I Refuse To Settle For A Man Who Isn’t A Feminist

After dating way too many men who were subtly (or blatantly and unapologetically) sexist, I can now safely say that a guy who isn’t a feminist has no chance with me. He doesn’t necessarily have to campaign for women’s rights on a daily basis, but he should definitely defend and support them in any way possible. If not, I won’t bother. Here’s why I need this kind of guy:

He doesn’t feel the need to compensate or be hyper-masculine. Whether he enjoys manly pine soap or feminine floral wash, his preferences don’t define him. Comfortable in his own skin, he doesn’t bash other men. He also isn’t jealous of my male friends and doesn’t get worked up if someone in public is talking to me. Conforming to society’s idea of a man isn’t a concern because he trusts he’s good enough just as he is.

He accepts me for who I am. I like my legs shaved, but I’m also really lazy about it, so they’re often fuzzy! If he’s a feminist, he knows the status of my leg hair is totally unimportant in our relationship. He lets me do what feels right for me from small things like grooming to big things like career choice.

He has examined his male privilege. He openly calls himself a feminist because he’s peeled back the layers of his male privilege. He isn’t deluded about the fact that men are exempt from the misogyny women face. He knows that women are interrupted far more frequently than men, so he’s working on being mindful of his interactions and makes room for women.

He speaks up even when I’m not around. More important than him being comfortable telling me he’s a feminist is that he unabashedly acts like one when I’m not around. When his friends or coworkers make sexist jokes or say something totally inappropriate about me, he isn’t afraid to call them out their BS.

He treats me with unwavering respect. On our first few dates, he won’t put his hands on me without asking. He doesn’t feel entitled to sex, and he cares about what my wants and needs are. As a feminist, he’s tuned into what it looks like to be a decent human being by respecting me and every other woman he meets.

He tr(eats) me right. We’re on the same page about the golden rule: we should both feel satisfied after a night of fooling around. He knows that intercourse is virtually never enough for a woman to have an orgasm, so he goes down on me regularly without needing to be prodded or asked. He knows how to treat me right.

He fully understands the nuances of enthusiastic consent. From the start, a man who is a feminist will know about the nuances of consent. He knows that consent happens through communication with words, body language, and emotions, so I don’t have to worry about being violated on any level. I wish enthusiastic consent was a given for all men, but it’s unfortunately not. He’s sensitive to this fact.

He doesn’t judge my sexual history. As a feminist, he’d never slut-shame me. He isn’t fazed by the metaphorical notches in my bedpost, as he knows it doesn’t define me. I’m honest, clear, and choosing to be with him now, and that’s all that matters. My sexual history is virtually irrelevant unless we’re explicitly talking about our preferences and experiences.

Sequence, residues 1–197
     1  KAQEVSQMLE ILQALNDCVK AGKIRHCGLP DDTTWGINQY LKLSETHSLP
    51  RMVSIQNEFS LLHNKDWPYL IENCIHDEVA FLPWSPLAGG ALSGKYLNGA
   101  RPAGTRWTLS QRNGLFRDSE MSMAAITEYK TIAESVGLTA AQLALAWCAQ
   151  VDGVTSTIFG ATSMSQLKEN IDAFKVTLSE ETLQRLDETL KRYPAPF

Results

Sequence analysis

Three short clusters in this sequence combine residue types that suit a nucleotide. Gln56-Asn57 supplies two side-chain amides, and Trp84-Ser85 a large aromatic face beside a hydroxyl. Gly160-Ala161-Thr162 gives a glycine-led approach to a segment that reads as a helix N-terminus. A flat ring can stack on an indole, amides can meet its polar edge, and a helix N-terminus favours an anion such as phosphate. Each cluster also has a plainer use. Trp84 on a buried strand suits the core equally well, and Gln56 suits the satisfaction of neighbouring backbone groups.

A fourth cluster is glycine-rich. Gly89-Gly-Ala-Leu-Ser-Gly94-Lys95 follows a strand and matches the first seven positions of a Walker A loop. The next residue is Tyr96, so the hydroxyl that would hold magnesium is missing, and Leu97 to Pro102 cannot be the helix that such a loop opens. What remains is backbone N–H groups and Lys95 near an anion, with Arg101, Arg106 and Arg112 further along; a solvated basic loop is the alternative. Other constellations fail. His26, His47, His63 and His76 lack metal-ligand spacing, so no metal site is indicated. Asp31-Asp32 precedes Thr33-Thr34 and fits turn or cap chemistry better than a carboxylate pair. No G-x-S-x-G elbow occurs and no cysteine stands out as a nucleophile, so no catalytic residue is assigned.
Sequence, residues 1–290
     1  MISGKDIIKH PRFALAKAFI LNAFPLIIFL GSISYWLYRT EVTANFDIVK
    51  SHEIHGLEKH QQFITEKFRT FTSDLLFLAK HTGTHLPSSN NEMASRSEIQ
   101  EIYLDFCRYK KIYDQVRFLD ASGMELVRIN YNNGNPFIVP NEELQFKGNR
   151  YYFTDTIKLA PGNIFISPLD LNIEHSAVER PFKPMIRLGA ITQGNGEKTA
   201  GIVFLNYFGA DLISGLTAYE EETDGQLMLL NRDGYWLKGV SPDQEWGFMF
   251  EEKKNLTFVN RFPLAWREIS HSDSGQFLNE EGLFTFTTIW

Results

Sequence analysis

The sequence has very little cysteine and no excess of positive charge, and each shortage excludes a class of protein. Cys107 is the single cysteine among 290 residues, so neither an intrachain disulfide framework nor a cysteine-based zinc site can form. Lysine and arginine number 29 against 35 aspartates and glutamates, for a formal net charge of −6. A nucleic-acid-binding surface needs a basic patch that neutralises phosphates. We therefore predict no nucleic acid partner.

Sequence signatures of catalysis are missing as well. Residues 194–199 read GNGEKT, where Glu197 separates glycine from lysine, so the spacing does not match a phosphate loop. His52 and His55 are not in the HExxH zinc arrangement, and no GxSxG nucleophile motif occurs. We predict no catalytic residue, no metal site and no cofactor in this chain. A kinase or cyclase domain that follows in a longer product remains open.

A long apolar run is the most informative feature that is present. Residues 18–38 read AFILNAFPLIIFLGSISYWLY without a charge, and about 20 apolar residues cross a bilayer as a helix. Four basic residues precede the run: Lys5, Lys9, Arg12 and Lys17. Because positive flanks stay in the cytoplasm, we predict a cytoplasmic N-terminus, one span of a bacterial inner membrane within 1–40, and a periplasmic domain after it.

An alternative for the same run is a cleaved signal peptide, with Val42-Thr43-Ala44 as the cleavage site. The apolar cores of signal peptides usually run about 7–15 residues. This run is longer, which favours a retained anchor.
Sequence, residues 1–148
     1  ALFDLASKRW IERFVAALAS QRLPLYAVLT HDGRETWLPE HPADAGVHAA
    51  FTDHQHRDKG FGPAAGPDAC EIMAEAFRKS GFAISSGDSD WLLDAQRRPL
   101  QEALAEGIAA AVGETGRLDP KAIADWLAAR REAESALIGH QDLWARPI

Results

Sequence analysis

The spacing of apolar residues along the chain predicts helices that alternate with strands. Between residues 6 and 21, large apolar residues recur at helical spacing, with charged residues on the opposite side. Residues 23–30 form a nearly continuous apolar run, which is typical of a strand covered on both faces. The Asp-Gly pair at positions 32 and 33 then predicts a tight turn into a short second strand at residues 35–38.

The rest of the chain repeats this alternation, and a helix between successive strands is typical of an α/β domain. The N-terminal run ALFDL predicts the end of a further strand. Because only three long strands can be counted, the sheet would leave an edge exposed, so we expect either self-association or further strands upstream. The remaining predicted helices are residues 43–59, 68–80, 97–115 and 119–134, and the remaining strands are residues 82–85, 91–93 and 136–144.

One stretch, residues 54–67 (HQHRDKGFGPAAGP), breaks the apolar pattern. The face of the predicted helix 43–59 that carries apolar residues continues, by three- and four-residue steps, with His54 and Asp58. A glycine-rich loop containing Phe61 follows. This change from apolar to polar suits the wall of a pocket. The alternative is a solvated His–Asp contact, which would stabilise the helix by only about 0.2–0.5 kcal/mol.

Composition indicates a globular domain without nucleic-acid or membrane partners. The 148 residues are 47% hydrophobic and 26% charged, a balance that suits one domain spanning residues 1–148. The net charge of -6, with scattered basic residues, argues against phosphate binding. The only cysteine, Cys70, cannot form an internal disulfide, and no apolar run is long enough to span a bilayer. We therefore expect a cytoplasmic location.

He and I share the same values (like, uh, equality). When we’re on the same page with the importance of equality for all humans, this usually means he comes with a great value system. I can count on him to know what’s important in life, like showing up for me both when I’m lots of fun and when I’m having a messy mental health flare-up.

He subscribes to the “eff your beauty standards” movement. Tess Holiday, a size 22 model, coined the hashtag #effyourbeautystandards. If he’s a proper feminist, he understands the radical body acceptance movement. He doesn’t make insensitive comments about my weight or food choices. Instead, he knows “health” is all-encompassing — including mental, physical, spiritual, and emotional — so he’ll be supportive and lovely. And he’ll help me smash traditional standards of beauty, of course.

He doesn’t chalk my emotions up to “being on the rag.” He’s comfortable with his own emotions and he’s aware enough to avoid saying something totally insensitive about periods and emotions. This isn’t to say he doesn’t sometimes ask kindly if it’s that time of the month because let’s be honest, I personally can be a real bitch before my period. But that isn’t used as a scapegoat or a way to shut me down. He gives my emotions and feelings space to breathe.

He’s down for forgetting gender roles. Gender roles are overrated. From the start, I have the rule that whoever asks for the date pays. If that means me, he’s totally okay with this and doesn’t think it saying something about his masculinity. In the future, gender role forgetting could even mean he stays home with our child while I work, if the pay and situation are appropriate.

He doesn’t have to be perfect, but he’s willing to examine his blind spots. He’s not perfect and neither am I, but we both know we have room to grow, especially to make our feminism more intersectional. He’s willing to admit that he has blind spots and doesn’t assume that his work is finished because he identifies as a feminist. We can both apologize when we make mistakes, and we’re ready to grow together.

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